Why folks should adopt locally and inter-racially

First, I am in NO way saying moms and dads should not adopt internationally. They should! By all means, go adopt internationally. It’s holy. It’s right. It’s good. International adoption opens ministry doors, meets needs a multiple levels and brings great joy.

I am saying that local adoption opens different doors of opportunity. I’d like to share one experience that illustrates this.

Friday afternoon following wrestling practice my boys and I went to a local establishment. Not many boys and men frequent this particular establishment due to its location and somewhat “stereo typicalness”. Also, I’m an insider here. I’m not an outsider. Many of the men who come into this place have known me since I was 5. I went to school with a lot of them. They know me.

Remember, I have two biological sons and one adopted son. Most of you reading know this fact already. But what makes my situation different is that my adopted son is very clearly black (we say brown for many reasons but I suppose that is a different post).  This is also not the post to deal with why we use the terms biological and adopted. There are theological reasons for that as well. Just know that Daniel is as much my boy as Gabriel and John Mark are. He’s got the name and social security number to prove it. He’s a Jolly, by God.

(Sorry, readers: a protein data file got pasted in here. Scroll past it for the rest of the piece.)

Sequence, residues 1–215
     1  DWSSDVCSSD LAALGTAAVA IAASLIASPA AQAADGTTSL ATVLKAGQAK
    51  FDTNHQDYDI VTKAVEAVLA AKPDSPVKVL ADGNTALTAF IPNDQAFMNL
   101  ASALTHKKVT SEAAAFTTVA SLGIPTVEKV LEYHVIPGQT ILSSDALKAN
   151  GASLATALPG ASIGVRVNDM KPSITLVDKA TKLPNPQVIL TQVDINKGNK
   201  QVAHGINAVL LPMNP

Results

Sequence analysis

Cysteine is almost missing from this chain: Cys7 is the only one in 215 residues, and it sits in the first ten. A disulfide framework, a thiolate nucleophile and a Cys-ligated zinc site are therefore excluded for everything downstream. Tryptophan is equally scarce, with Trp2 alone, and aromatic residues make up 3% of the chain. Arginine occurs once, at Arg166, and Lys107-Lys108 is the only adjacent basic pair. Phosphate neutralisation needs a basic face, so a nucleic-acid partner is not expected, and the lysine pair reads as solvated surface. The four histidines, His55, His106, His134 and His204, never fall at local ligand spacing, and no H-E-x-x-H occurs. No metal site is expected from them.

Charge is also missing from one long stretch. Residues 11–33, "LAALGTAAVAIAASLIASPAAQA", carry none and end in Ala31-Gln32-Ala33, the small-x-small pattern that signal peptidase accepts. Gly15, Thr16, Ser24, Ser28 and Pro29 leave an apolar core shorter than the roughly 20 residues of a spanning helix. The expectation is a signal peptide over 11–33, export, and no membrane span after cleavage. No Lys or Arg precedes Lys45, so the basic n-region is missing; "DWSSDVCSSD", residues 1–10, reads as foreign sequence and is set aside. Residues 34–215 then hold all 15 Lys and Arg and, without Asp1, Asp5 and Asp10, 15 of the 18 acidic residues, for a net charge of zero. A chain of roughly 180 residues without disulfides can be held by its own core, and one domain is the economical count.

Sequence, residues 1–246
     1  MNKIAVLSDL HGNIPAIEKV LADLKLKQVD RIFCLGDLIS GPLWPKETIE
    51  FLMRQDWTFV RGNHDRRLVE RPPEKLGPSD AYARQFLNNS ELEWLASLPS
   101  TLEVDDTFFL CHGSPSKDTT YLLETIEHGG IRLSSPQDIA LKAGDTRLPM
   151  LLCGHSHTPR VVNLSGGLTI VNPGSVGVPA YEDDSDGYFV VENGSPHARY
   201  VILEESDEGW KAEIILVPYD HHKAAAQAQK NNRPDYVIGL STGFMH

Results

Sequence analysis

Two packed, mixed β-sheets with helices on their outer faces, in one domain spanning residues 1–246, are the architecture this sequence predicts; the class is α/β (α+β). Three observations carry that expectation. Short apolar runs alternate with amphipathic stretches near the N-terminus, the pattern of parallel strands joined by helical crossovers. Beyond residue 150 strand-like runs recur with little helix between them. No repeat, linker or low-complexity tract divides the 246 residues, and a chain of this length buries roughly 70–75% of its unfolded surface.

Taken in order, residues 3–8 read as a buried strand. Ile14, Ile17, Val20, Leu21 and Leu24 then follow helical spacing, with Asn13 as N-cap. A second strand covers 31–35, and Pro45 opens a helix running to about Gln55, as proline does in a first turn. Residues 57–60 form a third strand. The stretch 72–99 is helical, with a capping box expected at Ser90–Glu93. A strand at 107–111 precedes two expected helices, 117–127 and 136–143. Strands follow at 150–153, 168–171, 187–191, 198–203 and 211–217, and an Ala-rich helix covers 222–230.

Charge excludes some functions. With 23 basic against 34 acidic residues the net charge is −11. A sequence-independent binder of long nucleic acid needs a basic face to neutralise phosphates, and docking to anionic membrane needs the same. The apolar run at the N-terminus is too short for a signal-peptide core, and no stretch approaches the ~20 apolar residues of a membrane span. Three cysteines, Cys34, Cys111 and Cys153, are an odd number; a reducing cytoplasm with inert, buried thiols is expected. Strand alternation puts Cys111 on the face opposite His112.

Well, not thirty-seconds into entering this shop the few eyes in there were peering pretty hard. I’m used to that kind of thing but not so much the boldness of one who actually opens their mouth. Some people actually have honest questions and that is ok. Some have questions that are really statements and I’m sure you could tell the difference too. And truthfully, I’m totally not even aware most of the time. I’m so used to my mixed race family that it takes me a minute to become aware people are staring. However, all of a sudden out came this question/statement: “all three of them yours?” The tone was clear. The black kid was not welcome and they needed to know if he was with me and could stay. By God’s grace the Spirit caught my response that included a string of four letter accusations about their character, momma and family line….lets move on. I simply responded, “yes, all three are mine, all three carry my name.” My tone also made clear my intentions to protect, guard and take the offensive if need be. We looked around and the boys were completely unaware. They were just enamored with the inventory and they never brought it up so I’m sure they never caught it.

This is just one of the encounters we have had nearly seven years. So, why put yourself and your children in the line of fire for such things by adopting out of the town you live in and inter-racially? I mean, you may run into distant relatives and into people who would gladly take a step back socially. Why do that? Here’s why.

Obedience
The Scriptures are clear. I don’t have an option. Father cares about the orphan. I’ve said enough about this in public and don’t need to grind that axe here. It’s just right and clear biblically.
Meets a practical need